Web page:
If there is anything more frustrating than non-startups hijacking the tag, it is established startups refusing to grow up. There are some great startups out there, who have gone through the hoops of building a business model and raising funds. At this point, one would hope that these promising ventures would want to expand and establish themselves as formidable businesses. After all, the founders started the business in the hope of growing it to great heights right?


Imagine what would have happened if big companies like Google and Amazon clung to their startup status and refused to mature into the massive corporate houses they are today. Of course, attaining a corporate status comes with its own set of complications, but one cannot deny that it has its perks.


Besides, it's the only clear trajectory of growth.


Many startups, which are prepared to make an organic move to the next stage, like to hold on to the "startup" tag for dear life because they think that they would not get any more funding otherwise.


In some ways, the funding-obsessed culture of the startup ecosystem is to blame for this attitude. The discourse on this issue has made it appear as though getting funded is the primary focus of building a start-up. Building a business model that can be scaled and expanded in a sustainable way has sadly taken a backseat. This refusal to move into bigger and better things baffles me to no end. I absolutely fail to understand why a firm would like to be known as a newbie forever.


In any case, being in the category for too long can bring unanticipated neglect, even from their precious investors.


"Startup" Tag isn't a Good enough Brand

The discussion brings me back to my original point of content: that being a startup is not a branding in Itself. Every business, old or new, tries to make a name for itself. An easily recognisable brand name and a robust brand image are essential parts of attracting new customers and retaining older ones. When a business tries to improve its branding, it is trying to set itself apart from all its competitors. A branding exercise is essentially an attempt to establish oneself as the key player in that category.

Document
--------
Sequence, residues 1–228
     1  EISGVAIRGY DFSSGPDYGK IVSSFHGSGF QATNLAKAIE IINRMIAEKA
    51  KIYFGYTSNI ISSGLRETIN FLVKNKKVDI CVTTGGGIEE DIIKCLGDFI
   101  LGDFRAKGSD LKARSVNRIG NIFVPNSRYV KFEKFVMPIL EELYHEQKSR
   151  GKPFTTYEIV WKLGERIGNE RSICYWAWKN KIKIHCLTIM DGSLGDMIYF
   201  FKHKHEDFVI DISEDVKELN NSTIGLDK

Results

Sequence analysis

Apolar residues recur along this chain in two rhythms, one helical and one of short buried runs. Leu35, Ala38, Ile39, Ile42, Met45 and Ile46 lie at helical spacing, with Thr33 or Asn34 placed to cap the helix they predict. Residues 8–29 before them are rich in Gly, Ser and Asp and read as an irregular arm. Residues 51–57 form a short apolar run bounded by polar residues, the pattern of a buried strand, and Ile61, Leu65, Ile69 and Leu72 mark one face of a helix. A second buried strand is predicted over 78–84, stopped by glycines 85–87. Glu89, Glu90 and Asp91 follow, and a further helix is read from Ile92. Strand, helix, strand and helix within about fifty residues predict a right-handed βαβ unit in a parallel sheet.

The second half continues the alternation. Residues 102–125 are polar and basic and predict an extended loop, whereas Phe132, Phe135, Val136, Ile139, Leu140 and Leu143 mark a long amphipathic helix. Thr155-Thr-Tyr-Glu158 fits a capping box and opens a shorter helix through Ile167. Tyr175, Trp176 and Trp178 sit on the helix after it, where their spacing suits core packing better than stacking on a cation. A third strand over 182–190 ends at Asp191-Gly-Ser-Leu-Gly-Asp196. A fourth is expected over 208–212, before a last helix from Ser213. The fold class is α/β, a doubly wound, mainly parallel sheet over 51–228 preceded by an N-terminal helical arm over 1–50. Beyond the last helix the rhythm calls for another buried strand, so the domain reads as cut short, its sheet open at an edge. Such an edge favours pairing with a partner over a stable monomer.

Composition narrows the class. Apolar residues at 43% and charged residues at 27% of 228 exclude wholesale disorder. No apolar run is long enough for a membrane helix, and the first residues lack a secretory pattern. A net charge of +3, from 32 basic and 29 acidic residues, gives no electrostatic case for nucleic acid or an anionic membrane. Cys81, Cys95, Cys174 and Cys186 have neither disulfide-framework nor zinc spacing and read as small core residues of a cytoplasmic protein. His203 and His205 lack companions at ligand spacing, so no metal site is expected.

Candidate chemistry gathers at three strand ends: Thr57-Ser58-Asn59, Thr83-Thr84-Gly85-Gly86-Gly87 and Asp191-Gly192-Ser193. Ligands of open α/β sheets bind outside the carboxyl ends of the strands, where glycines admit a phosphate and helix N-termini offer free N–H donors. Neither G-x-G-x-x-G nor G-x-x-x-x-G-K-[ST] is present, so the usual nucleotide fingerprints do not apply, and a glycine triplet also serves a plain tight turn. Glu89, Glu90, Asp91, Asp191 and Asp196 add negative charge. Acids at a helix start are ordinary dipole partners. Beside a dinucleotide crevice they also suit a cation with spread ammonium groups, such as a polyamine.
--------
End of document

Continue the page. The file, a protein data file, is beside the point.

By definition, a brand is specific to the business itself. It tells a story of the company, its products and its people. It is meant to connect with customers and establish solid business relationships. On the other hand, the "startup" tag is something you share with 50,000 others in India and about 100 million businesses around the world. Sure, it can spark some interest and get you a few moments worth of conversation with an important contact, but if you can't establish what your business truly does and how it adds value to the world, the tag itself will mean nothing.

It is not untrue that the "startup" tag, in certain scenarios, may get you a foot in the door, but having a real and properly fleshed out value proposition is what will keep the door from being slammed on your face. And if a startup waits around for too long before taking the next step towards growth, it is likely that even that foot in the door advantage will vanish quite soon. Of course, the flashy headlines of startup success and the dazzling stories peddled by industry publications are extremely potent when it comes to blindsiding the most brilliant of founders. But, at the end of the day, it is the founder's responsibility to look at the bigger picture and plan for the years ahead!


After all, you'd like to hit bigger milestones than simply raising tens of millions in funding rounds, wouldn't you?